“I’m an AI optimist,” declared Scott Galloway as he made his way into Nordic Business Forum’s main stage. Scott is a serial entrepreneur, the New York Times author of four best-selling books, and a Marketing Professor at NYU. In a fast-paced mood, he jumped into the first topic of his keynote, an overview of the current market context, and predicted that one major economic concern in Europe and the US, inflation, is going to come down dramatically by the end of the year.
Scott also predicted that by Q4 2023, big tech companies will have their most profitable quarters in history, despite the fact that their revenues are decelerating. So far, the NASDAQ in the US has had its best first half in over 40 years, and interestingly, only seven stocks were responsible for 70% of that increase (Meta, Amazon, Google, Nvidia, Apple, Tesla, and Microsoft). Scott left no time to wonder what five of these stocks have in common and quickly stated the promise of AI: “AI has already generated more value in terms of market capitalization in a shorter period of time than any technology in history.”
Opportunities, Winners, and Runner-ups
So, where do opportunities lie? Scott reminded the audience that it is commonly believed that data is the new oil and, if that’s true, “we are drowning in oil.” What we need is more refining, and that’s essentially what AI does. In other words, more than an increasingly huge number of choices, we need fewer and more accurate options, and again, that is what AI, particularly ChatGPT, does. To make this point clear, Scott shared the following numbers: Google returns 11 million answers, somewhere between zero and 99% veracity; ChatGPT, instead, gives you one answer that’s probably 70 or 80% right. “Consumers don’t want 3 million returns in .0005 seconds. They want an answer that they believe is mostly right.”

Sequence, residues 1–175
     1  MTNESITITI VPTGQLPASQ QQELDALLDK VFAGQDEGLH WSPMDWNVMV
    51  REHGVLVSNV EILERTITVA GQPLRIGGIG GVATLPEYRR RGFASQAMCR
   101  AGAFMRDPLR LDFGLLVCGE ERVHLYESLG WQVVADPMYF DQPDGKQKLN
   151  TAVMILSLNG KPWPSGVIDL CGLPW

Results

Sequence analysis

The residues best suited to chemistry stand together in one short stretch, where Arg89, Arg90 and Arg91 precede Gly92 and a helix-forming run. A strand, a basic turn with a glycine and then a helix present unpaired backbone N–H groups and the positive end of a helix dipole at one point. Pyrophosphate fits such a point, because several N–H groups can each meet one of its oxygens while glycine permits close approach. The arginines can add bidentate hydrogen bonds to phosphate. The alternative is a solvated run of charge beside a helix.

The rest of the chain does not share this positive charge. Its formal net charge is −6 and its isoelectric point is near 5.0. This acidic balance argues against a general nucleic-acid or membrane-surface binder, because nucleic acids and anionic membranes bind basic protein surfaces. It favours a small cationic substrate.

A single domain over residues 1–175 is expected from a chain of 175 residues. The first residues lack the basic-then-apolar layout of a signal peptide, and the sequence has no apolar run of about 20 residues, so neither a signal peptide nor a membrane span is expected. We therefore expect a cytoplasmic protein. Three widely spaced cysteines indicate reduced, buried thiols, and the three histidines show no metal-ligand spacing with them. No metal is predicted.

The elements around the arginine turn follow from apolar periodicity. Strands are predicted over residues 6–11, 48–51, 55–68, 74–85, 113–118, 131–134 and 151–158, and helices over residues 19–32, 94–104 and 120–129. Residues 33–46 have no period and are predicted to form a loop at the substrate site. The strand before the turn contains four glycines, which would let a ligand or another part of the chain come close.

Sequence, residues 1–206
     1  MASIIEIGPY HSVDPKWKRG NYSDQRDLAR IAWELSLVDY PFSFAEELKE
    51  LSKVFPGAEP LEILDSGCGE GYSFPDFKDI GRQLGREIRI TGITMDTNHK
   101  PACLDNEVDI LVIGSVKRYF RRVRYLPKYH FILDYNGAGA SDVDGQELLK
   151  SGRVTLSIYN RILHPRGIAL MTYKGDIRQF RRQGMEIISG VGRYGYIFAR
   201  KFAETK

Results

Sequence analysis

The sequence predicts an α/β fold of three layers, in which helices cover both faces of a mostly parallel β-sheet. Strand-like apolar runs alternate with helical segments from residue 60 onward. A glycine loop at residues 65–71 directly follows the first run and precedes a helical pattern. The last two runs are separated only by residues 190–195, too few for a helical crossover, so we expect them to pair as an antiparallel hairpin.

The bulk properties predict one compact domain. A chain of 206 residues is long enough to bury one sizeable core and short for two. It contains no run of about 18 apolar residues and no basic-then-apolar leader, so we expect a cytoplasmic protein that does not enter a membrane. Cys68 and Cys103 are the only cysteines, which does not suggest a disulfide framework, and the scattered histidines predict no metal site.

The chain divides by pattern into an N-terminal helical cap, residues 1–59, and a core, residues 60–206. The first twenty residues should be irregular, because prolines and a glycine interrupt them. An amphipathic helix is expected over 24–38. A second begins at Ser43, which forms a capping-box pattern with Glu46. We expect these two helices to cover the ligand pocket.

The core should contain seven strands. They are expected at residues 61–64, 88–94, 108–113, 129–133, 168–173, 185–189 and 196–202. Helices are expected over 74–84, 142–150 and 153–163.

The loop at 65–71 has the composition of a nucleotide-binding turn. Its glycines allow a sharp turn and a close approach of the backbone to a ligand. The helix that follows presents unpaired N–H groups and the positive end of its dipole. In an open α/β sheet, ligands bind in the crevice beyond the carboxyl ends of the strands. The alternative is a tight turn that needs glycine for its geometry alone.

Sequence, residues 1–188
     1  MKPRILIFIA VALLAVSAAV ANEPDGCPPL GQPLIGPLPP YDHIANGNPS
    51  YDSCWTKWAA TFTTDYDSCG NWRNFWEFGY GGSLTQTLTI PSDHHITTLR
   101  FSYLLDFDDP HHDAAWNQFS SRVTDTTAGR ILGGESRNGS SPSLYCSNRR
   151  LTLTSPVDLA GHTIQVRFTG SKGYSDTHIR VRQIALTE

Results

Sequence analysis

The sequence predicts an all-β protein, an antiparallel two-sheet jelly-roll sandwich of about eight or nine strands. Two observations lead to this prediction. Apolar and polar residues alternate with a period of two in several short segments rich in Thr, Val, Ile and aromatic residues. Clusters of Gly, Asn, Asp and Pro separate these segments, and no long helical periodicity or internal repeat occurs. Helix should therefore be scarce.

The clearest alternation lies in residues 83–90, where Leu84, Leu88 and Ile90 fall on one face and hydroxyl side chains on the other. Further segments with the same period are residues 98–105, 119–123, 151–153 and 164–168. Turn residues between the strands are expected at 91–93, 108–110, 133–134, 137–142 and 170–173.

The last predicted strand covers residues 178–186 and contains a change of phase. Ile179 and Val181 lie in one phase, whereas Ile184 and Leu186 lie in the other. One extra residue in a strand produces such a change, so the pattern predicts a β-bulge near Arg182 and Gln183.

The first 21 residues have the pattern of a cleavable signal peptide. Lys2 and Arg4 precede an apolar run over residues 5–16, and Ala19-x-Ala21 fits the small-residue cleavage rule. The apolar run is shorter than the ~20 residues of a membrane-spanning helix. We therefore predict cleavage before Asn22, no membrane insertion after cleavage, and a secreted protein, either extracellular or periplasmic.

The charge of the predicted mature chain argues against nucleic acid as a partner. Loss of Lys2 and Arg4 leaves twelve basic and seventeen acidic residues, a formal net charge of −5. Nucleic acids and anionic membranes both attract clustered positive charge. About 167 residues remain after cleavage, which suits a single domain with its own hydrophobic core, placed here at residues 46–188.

According to Scott, opportunities lie in building what he called “time machines” that reduce the time it takes to perform some tasks and, consequently, increase productivity. Some examples of massive time-saving machines are shopping at Amazon Grocery, which cuts six days in the grocery store a year, and letting children watch Netflix, which saves 11 days of viewing commercials annually. Under this light, ChatGPT is a powerful time machine that can significantly cut the time devoted to basic technical tasks (like writing a web server in Java or writing professional memos and strategy documents).
Scott classified the AI winners in three groups. The first big winners are in the infrastructure space, companies providing “the picks and shovels.” In the second group he placed the Large Language Models (LLMs) companies. And in the third tier Scott included front-end AI applications firms. The companies in the first group get huge investment initially, and then it works up. “10% to 20% of all revenues generated by LLMs go to the cloud providers, and 80% to 90% of venture capital that goes into new LLM or generative AI applications is spent on cloud services.” But this is becoming an increasingly winner-take-most scenario, where each category has a small number of players that get the greatest part of the benefits. A good example is NVIDIA, a company that accounted for somewhere between 20% and 30% of the NASDAQ’s gain.